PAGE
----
Reading about how to succeed in business is very instructive. It can also be frustrating. While I like to learn as much as I can from business experts, I think they make things more complicated than they need to be.
For example, when it comes to how to make a great business, gurus talk a lot about products, capabilities and innovation. And, of course, all these are important. At the same time, I think experts often start from the wrong place. They focus on the mechanics of the business, not with what is delivered. In effect, this puts the business first and the customer an inevitable second.
So, faced with increasing competition, how can a small or medium business do it better? My view is that businesses need to differentiate to survive. While they need to provide what customers want, they should also strive to provide what other businesses cannot give them. But where to start?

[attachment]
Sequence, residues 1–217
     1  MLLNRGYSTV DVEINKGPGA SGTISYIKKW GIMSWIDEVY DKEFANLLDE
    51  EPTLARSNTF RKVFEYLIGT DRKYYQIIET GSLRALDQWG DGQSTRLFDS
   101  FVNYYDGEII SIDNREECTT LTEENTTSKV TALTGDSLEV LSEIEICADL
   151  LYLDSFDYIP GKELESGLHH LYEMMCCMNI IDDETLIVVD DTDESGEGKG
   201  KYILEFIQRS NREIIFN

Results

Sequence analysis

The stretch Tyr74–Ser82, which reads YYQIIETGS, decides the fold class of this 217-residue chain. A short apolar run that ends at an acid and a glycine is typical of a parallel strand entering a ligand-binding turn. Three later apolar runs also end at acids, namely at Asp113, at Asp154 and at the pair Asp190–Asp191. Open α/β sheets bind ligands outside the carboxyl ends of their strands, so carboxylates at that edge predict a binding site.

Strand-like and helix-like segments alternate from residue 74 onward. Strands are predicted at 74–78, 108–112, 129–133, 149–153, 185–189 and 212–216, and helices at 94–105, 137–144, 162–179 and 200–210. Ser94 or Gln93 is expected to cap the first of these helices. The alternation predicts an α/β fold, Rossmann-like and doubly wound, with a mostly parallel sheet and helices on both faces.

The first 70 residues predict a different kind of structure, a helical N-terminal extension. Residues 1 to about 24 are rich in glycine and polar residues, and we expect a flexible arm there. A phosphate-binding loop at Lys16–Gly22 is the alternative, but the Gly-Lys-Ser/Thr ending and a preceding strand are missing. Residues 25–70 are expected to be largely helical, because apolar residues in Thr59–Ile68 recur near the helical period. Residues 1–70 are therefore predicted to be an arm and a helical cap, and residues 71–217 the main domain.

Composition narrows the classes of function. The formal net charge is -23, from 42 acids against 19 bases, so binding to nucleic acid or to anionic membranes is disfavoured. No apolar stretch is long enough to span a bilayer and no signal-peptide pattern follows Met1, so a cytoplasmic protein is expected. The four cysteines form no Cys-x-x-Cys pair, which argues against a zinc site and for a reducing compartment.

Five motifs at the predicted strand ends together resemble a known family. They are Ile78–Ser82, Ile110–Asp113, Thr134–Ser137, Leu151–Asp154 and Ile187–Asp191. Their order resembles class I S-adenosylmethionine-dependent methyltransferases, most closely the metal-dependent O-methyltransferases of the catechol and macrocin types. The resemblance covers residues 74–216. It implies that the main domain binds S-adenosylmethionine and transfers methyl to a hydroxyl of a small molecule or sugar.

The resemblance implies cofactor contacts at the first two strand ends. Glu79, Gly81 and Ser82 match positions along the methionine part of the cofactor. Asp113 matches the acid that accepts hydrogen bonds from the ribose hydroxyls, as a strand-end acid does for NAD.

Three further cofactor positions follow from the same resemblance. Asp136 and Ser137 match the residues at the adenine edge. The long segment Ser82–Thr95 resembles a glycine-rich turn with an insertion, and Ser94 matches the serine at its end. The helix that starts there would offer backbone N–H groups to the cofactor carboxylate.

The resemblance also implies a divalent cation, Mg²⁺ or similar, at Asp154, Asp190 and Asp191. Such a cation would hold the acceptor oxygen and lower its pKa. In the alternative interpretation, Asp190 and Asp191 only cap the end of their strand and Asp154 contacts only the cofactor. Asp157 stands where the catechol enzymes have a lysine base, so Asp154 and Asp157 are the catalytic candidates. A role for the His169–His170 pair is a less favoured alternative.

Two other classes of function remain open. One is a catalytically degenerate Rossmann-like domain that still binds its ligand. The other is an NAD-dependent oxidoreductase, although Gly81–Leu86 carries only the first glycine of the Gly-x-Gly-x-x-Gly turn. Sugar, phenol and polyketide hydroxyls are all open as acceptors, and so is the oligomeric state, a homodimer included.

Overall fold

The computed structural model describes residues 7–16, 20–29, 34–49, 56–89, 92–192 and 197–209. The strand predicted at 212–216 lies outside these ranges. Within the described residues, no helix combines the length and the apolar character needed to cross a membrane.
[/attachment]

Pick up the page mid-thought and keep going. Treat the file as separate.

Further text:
I think the answer is to put the customer first. Naturally, all businesses claim to do this. But I’m not so sure.
A good way to do this is to use a ‘customer journey map’. This is a technique for describing all the interactions that a customer has with a business (and vice versa) from the first time a customer becomes aware to the last time they use you. It is designed to identify the path between these two points. It’s also a great way to unpick the necessary from the wasteful, and the unavoidable from the irritating. And it puts the customer squarely at the centre of what you do.
By incorporating a timeline, the maps also point to faster ways to bring services to clients. Another use is to discover points of differentiation at each step of the journey - awareness, selection, delivery, payment, use, ‘after sales service’ and selection once more. In this way, a business can uncover opportunities to position an offer in ways that competitors do not.
Not only is it a great opportunity to develop insight into how clients experience your service, it’s an opportunity to engage staff and to unlock creativity within a business.
Differentiation is a big word for thinking about how we serve customers. You can be faster, better and add more value in a number of ways. But, to me, putting the customer right at the heart of what you do seems a great place to start.